11. Have you carried out a business impact analysis?

[Do you know what is critical to the continuance of your business – this might include key machinery, key people, key suppliers (particularly if there is a single supplier), key customers (if an organisation gets 90% of its business from one customer what happens if that customer goes bust, changes ownership or just has a change of mind).]

12. Have you considered any business continuity plan?

[i.e. have you any plans to respond to the breakdown of a key machine, to supplies from a key or single supplier being interrupted by strike, fuel shortage etc or even to your business being affected by a completely external event (remember the Buncefield Oil Depot explosion)? Do you appreciate what the effect might be if a key employee is ill, dies or simply decides to leave? What happens to your skill and knowledge base if a whole team of employees defects to a competitor?]

13. Have you a disaster recovery plan?

[If the organisation’s operations were to be badly damaged by fire, flood, long term loss of power, communications etc have you in place plans to minimise the damage and get the business back into operation as quickly as possible. The disaster recovery plan will normally need to identify (well in advance of the event) alternative premises, supplies of new or replacement equipment, alternative supplies of operating software and the people to install it etc.]

14. Do you ever rehearse any plans you may have formulated?

[Even if you have business continuity or disaster recovery plans you can’t be confident that they will work unless you rehearse them from time to time: tabletop simulations (rather like war-gaming) – can be very useful.]

15. Have you considered the need for crisis management?

[For example if a food or drink manufacturer has a product contamination scare (founded or unfounded) how will it deal with the potentially disastrous lack of public confidence in its products and limit the damage to its reputation and therefore business. This obviously goes to such topics as dealing with the media etc.]



16. Have you drawn up suitable contracts for all your employees?

[It is wise to provide every employee with a written contract. The contract should refer to such matters as disciplinary and grievance procedures, the policy on sex discrimination, consultation with employees etc. It may be valuable to have a staff handbook or intranet site where these are clearly set out. Even if you do not have written contracts you are still required by law to provide each employee with at least a written statement of particulars setting out such key matters as the date employment began, hours of work, holiday entitlements, pay scales etc]

17. Have you specific written policies on such matters as racial and sexual discrimination, disability discrimination, and bullying in the workplace?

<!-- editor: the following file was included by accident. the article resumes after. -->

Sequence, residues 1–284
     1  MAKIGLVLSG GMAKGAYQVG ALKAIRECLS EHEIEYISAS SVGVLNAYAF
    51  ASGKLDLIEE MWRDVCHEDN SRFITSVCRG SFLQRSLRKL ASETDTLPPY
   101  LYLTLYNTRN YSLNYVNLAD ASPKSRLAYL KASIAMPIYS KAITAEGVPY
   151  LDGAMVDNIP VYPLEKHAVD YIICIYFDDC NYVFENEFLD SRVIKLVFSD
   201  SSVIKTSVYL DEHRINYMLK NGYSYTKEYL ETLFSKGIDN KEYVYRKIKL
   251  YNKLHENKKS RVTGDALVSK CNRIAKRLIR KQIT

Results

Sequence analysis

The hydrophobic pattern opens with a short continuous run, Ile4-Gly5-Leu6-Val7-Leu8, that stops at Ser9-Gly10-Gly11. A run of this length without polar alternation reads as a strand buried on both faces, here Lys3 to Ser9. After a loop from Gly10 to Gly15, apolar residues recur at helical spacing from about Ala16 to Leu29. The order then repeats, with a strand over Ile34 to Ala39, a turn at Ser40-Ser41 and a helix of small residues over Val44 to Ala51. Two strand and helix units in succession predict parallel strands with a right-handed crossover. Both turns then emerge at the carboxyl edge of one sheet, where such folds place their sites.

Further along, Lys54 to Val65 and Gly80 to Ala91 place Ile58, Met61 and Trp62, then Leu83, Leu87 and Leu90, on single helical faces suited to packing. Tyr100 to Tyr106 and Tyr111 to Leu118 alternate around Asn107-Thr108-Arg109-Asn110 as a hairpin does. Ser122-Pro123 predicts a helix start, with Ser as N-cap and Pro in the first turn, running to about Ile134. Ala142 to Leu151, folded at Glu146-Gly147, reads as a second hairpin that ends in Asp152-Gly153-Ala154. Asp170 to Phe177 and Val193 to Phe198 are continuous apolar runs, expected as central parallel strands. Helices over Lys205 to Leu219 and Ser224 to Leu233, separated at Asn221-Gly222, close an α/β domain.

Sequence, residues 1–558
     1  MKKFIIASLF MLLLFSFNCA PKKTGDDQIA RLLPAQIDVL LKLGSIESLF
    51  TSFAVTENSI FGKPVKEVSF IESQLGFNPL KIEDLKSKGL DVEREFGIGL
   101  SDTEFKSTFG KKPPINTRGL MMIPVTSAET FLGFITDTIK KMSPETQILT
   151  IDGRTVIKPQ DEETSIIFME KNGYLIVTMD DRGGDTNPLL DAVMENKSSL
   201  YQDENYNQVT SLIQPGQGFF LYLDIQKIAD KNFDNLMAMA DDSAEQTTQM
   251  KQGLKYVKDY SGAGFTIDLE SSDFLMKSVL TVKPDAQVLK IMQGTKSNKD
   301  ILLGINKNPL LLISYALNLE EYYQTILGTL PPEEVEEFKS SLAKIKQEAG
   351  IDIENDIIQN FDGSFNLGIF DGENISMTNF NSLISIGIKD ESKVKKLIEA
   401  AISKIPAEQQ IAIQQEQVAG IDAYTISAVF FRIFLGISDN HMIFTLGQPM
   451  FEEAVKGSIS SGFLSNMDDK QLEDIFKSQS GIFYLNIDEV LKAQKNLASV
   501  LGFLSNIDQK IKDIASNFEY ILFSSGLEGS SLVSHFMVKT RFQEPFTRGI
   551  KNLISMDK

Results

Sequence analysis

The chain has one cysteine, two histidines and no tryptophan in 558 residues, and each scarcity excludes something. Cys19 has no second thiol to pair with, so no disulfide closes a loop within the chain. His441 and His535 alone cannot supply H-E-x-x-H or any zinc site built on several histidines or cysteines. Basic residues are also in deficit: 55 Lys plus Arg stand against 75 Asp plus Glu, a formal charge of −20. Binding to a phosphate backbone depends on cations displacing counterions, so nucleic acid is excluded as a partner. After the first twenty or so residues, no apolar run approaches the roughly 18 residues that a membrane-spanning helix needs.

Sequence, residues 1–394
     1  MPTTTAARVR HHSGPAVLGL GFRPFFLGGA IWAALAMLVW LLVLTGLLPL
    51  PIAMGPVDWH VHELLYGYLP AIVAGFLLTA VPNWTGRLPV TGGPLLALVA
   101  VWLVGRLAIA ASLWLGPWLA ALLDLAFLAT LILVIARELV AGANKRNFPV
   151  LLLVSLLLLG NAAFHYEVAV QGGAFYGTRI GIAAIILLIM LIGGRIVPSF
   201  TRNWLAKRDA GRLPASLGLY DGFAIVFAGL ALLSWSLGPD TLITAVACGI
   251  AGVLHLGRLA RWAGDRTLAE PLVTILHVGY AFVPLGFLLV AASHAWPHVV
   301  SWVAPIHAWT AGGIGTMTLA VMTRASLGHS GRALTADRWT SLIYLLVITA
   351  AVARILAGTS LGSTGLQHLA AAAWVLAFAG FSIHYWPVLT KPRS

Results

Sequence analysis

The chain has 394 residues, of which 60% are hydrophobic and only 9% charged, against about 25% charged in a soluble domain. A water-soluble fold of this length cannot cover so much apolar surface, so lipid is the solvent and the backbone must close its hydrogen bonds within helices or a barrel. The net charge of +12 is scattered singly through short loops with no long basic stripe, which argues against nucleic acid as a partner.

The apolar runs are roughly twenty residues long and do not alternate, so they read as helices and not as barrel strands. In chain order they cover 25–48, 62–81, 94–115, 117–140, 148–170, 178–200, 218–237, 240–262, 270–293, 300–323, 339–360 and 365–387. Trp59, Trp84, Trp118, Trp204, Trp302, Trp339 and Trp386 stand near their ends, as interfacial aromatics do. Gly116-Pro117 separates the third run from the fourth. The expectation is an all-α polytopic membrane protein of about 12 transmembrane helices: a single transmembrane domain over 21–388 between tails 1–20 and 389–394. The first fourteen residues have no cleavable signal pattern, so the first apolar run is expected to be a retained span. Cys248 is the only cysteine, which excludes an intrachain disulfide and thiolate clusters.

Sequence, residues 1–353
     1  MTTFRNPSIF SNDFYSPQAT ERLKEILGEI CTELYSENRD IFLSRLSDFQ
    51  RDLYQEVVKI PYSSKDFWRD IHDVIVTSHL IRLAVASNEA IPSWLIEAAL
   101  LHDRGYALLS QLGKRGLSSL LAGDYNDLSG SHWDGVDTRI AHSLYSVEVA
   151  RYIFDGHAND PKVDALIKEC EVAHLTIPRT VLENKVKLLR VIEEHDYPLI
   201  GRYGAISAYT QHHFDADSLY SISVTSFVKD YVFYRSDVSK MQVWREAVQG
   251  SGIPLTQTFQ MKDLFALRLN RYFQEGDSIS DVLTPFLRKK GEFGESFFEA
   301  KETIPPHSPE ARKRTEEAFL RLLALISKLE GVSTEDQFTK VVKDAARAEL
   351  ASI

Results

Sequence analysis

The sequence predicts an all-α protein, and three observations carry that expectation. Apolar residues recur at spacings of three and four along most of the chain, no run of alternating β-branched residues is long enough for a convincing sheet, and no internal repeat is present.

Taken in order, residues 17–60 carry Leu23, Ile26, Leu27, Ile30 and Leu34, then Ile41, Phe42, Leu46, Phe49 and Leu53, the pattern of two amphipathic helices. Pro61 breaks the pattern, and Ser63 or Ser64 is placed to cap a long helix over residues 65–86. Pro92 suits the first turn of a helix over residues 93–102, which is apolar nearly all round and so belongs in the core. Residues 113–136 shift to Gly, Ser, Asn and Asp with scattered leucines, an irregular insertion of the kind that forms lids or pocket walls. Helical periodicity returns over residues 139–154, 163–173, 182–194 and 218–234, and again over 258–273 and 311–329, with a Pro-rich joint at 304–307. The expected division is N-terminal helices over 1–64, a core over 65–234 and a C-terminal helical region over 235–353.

[Discrimination on racial and sexual grounds is effectively outlawed (there are very few allowable justifications). Unreasonable discrimination against disabled persons (who might be employees, candidates for employment or customers) is also against the law. Bullying can constitute a fundamental breach of contract which might result in a claim for damages for ill-health as well as an Employment Tribunal claim. You need to have demonstrable effective means of implementing these policies fairly and equitably]

18. Have you drawn up formal written disciplinary and grievance procedures?

[Failure to have and to adhere to formal and well known disciplinary procedures may well see you faced with an Employment Tribunal claim for unfair dismissal. Such procedures must be objective, give the employee a proper chance to state his or her case and contain appeal mechanisms. Grievance procedures also must be clear (and are provided for by specific legislation)]

19. Do you take all appropriate steps to ensure diversity in the workplace?

[For the reasons above it is wise to seek a diverse workforce in which there is due representation of the sexes, races, abled and disabled. In any event, seeking a diverse workforce can have simple commercial benefits – potential customers from a particular background may well be more likely to deal with an organisation which is seen to employ people like them]

20. Have you a suitable source of advice and information on Human Resources matters?

[Employment law is one of the fastest growing and most difficult areas of law, full of pitfalls for the unwary employer. It is not sensible to operate on the basis that “if I treat people as I think right” all will be well – the reports of the Employment Tribunals are littered with the stories of decent employers who failed to appreciate the scope and complexity of the law. Don’t forget that it may be necessary to manage people out of the business in a way which does not cause resentment or an Employment Tribunal claim. Quite apart from the legal implications you need to have – and be able to manage – information on sickness absences, holidays and so on]